P.S: it could be that I'm an extremely boring person and is the sort of person that can watch a paint dry, though.
Ravanagh Allan
Apr 03, 2020 rated it really liked it
My copy is called 'MI6: The History of the Secret Intelligence Service,' so evidently it's been repackaged since I bought it (a while ago).

The Service was founded in response to foreign espionage in Britain, and initially hired private detectives as spies.

Informative and well told, my only problem with the book is that it cuts out as WW II gives way to the Cold War.
Martin Dunn
Jun 04, 2017 rated it really liked it  ·  review of another edition
Shelves: history
This is an official history, not a spy thriller. The author had access to MI6 archives which provided some fascinating accounts of the bureaucratic battles the agency fought, but had many gaps in the actual intelligence collected. A word count in the Kindle edition showed that the word"budget" is nearly as frequent as there word"spy".
Jul 07, 2018 rated it did not like it
I had started this book in late March and just never got around to reading it till now. The book had good continuity, but was very dry reading. I expected the book to detail Ian Fleming's exploits during WW2. No such luck. A book that fills a gap in British military history perhaps, but not a book I would advise my friends to read.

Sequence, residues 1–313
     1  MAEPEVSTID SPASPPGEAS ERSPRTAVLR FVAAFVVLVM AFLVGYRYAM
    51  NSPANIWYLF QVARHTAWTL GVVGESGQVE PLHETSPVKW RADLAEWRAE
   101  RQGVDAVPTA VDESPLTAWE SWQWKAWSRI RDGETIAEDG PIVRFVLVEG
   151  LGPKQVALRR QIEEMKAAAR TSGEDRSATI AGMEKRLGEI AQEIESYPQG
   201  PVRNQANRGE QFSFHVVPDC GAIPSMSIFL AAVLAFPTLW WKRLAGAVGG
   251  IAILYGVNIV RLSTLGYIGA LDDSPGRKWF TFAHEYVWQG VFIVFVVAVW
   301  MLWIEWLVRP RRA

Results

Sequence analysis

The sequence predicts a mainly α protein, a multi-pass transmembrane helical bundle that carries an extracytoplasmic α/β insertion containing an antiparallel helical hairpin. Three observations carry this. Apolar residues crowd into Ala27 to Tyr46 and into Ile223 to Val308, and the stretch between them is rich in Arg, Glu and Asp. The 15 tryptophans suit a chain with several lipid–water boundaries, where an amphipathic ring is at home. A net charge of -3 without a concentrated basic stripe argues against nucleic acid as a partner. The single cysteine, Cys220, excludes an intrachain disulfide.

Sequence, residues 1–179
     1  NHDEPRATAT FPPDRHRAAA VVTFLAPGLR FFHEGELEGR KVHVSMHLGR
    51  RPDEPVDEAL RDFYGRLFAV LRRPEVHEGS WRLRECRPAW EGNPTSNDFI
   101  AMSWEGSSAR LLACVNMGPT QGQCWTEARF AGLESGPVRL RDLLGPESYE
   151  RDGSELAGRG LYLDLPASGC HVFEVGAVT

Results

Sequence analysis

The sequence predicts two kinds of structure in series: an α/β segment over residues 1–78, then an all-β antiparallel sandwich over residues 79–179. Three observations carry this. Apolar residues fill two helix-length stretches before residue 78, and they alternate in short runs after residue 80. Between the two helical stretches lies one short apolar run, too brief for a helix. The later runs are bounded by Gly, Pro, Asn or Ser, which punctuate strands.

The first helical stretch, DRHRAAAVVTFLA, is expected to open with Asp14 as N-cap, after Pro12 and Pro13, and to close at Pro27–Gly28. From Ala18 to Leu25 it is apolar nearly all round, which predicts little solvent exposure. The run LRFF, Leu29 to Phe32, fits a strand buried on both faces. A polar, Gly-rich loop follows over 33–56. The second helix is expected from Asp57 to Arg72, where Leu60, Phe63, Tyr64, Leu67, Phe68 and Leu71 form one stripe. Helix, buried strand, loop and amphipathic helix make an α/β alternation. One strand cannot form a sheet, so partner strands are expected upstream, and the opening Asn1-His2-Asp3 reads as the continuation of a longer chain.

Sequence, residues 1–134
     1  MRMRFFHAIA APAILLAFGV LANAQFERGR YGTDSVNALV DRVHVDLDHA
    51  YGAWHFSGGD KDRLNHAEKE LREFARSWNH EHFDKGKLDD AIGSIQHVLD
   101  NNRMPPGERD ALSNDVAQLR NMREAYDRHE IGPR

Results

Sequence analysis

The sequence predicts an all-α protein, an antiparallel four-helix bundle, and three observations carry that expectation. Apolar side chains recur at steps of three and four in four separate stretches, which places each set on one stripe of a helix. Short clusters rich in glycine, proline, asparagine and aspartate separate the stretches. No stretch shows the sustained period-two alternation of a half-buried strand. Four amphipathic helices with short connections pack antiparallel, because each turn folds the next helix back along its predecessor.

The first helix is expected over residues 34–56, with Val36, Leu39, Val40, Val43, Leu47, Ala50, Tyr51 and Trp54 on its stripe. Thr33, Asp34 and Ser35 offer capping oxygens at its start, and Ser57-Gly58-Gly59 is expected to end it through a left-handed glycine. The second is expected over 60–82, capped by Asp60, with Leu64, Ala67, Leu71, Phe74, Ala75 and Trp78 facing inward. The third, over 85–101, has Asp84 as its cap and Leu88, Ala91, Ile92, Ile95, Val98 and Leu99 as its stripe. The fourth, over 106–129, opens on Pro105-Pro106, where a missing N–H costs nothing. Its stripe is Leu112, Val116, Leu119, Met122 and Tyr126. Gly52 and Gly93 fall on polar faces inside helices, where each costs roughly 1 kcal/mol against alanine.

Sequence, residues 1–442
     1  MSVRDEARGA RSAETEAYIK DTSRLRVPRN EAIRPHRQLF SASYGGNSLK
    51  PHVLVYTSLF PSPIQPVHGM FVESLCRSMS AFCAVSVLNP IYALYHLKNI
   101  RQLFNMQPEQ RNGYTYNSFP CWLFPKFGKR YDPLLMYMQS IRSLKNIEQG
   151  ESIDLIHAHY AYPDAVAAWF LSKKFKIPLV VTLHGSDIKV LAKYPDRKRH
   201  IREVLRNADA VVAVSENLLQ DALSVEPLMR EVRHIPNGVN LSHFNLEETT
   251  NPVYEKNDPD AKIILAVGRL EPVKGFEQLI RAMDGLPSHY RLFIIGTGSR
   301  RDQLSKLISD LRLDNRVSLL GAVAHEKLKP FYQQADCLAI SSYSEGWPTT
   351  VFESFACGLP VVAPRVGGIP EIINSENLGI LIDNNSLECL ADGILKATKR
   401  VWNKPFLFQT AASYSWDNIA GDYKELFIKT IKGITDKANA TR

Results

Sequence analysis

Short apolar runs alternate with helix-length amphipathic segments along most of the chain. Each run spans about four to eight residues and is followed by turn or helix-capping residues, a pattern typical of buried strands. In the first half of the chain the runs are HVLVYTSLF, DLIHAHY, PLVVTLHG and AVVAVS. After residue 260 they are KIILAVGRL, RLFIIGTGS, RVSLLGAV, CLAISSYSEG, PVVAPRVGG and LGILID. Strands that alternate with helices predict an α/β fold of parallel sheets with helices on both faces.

Mar 01, 2019 rated it did not like it  ·  review of another edition
90% of this was irrelevant. It made me want to rewrite and restructure it. It's hard to tell what the brief for this book was. Who exactly was the target audience? Who really cares what color pens they use for their inventories?
May 07, 2019 rated it liked it
Very informative but pretty long and boring...
Bud Chapman
Jul 30, 2019 rated it it was amazing
Interested in early MI6 history, this is the book for you.
Dec 08, 2019 rated it it was ok
Bit of a slog.
Kenzie Barnett
Dec 11, 2019 rated it really liked it
Very interesting book. There is so much information and so much to explore. It can almost be a little overwhelming, as well as a literal dry, but the subject is so intriguing and book so great.
Bill Conrad
Jan 21, 2018 rated it really liked it
The Secret History of MI6 gets deep into the bowels of how a modern spy organization works. This book both had triumphs and failures. There was a lot of insight into how the teams worked together and how their objectives were set. I also liked how Keith Jeffery got into the technology while still keeping the man in the loop. This is really a great read and I was glad that it made it into my pile of books to read.
I started reading this. It was interminable.
Sep 27, 2014 rated it it was ok
Here's an odd bird: An official history of a secret intelligence organization. Bear in mind this is the real history of MI6 (nee SIS), so instead of James Bond parachuting away from an exploding blimp and snowboarding down the mountain he lands on while outrunning the fireball, you're going to be reading about people trying to get jobs in shipyards and stealing documents from the garbage.

Now that's all well and good and I wish I could recommend this book, but I can't. The book is weirdly dry an
Emmanuel Gustin